What Europe does have, though, beyond sheer will, is a process, however tortured and painful it may look to those on the outside, to ensure that the euro and the EU hold together. The political and economic costs of a eurozone implosion remain too high and the benefits of maintaining the common currency too real for the countries involved, as self-defeating as they appear at times, to allow a crack up. Europe will likely make steady, halting, and at times apparently counterproductive steps toward a banking union, limited fiscal federalism, and a path to political union. The path from here to there won't be smooth, just as the past two years haven't been -- but it will likely be enough to keep the currency union.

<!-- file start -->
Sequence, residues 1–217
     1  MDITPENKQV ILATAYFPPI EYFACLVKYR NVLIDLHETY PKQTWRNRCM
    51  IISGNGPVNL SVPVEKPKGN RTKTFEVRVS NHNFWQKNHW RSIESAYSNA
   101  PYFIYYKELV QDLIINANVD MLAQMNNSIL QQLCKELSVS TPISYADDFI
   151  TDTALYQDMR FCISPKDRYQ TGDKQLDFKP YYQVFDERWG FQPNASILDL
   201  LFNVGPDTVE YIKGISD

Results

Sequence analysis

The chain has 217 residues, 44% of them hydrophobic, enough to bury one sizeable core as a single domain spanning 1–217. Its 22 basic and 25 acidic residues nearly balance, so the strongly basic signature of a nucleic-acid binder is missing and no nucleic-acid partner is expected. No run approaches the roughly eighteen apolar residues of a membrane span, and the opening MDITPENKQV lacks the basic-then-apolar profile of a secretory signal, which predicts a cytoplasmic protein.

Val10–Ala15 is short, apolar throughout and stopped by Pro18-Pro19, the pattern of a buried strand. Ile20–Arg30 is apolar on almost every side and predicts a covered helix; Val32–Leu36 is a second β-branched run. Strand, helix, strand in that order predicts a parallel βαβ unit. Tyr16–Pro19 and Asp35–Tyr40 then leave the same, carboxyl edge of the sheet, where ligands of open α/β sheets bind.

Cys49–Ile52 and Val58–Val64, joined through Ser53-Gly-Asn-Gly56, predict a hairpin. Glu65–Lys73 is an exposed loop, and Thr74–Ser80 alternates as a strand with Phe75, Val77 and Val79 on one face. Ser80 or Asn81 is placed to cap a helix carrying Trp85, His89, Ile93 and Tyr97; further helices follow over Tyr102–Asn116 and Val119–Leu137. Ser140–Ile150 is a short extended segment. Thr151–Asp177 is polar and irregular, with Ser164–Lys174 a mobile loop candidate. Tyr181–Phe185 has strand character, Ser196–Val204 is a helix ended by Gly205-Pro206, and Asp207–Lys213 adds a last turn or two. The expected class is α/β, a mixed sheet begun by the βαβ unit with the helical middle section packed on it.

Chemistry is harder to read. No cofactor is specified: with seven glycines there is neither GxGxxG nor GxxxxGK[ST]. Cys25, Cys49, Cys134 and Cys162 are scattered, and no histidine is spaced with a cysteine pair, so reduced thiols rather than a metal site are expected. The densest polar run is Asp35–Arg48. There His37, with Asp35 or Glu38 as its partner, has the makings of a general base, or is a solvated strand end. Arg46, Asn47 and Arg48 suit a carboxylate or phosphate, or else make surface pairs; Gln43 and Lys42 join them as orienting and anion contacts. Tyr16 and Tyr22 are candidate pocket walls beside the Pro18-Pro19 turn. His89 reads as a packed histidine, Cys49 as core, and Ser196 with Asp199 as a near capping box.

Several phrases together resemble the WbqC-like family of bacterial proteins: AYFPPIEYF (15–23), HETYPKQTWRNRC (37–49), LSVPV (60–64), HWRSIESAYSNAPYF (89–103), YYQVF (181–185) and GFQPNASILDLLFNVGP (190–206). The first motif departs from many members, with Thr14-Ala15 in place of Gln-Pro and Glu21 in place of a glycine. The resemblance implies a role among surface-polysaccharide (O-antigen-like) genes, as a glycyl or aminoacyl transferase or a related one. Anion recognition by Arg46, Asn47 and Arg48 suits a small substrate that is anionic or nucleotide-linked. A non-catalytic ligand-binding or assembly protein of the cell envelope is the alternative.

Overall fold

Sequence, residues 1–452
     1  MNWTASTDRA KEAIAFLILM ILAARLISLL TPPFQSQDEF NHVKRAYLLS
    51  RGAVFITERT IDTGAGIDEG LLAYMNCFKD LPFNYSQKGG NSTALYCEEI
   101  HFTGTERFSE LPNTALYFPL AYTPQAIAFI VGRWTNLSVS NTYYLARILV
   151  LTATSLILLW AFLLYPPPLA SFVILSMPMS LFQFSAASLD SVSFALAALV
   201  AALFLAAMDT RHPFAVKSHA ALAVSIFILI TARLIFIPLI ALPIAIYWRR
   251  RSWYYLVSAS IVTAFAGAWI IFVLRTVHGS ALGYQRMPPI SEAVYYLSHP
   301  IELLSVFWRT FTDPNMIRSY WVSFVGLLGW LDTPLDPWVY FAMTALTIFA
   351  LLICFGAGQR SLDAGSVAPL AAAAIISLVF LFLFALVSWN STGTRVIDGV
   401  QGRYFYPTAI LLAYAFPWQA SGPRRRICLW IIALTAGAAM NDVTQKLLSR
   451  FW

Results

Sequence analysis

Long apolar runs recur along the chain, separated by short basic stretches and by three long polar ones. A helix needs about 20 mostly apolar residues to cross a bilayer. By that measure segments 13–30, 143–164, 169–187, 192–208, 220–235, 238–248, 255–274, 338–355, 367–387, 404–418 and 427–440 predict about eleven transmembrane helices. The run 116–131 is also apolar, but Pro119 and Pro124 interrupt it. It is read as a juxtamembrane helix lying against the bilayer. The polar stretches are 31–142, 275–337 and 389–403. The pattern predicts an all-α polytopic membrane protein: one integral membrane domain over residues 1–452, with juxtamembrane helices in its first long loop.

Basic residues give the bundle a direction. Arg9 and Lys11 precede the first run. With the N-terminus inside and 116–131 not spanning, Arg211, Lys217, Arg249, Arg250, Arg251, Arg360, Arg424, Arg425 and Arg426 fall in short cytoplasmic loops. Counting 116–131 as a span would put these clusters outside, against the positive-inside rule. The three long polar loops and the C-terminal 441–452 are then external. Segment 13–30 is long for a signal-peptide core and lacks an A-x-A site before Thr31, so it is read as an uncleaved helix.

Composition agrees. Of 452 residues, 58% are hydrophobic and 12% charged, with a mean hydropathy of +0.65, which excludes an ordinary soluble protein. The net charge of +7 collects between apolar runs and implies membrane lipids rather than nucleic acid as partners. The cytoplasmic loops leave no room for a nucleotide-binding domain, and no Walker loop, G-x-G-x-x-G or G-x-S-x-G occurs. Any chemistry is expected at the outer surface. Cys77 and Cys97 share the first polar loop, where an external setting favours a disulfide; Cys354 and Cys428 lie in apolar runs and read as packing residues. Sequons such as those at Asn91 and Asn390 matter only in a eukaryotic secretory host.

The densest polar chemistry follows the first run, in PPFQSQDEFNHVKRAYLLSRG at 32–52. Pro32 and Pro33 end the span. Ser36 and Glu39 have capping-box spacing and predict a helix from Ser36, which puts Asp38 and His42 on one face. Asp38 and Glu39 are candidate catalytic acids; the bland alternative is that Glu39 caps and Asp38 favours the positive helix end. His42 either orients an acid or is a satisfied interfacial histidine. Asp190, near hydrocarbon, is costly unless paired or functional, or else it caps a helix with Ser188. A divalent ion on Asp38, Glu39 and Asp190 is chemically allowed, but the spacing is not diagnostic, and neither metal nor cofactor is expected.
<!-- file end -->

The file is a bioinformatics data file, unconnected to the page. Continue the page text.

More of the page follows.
To be clear: We could very well be heading for a deep crisis, and we might even see the exit of one or more member states, with Greece the most likely. But other peripherals won't see a Greek exit as a signal to leave themselves; in fact, measures taken as a consequence may well strengthen their own prospects within the currency union. The likelihood of the eurozone imploding and the reintroduction of national currencies across a broad swath of Europe thus remains exceptionally small.

"It's All Greece's Fault."

Nope. Greece definitely shares a great deal of blame for Europe's current predicament (and, of course, its own). Athens lied about its budget and finances to get into the euro back in 1999, lied about them to stay in the euro in the decade since, and continues to bob and weave as it pretends to comply with the terms of its bailouts, agreeing to absurdly high projections for anticipated growth rates, tax revenues, and privatization revenues. Greece took Europe for a ride, and now both are paying the price.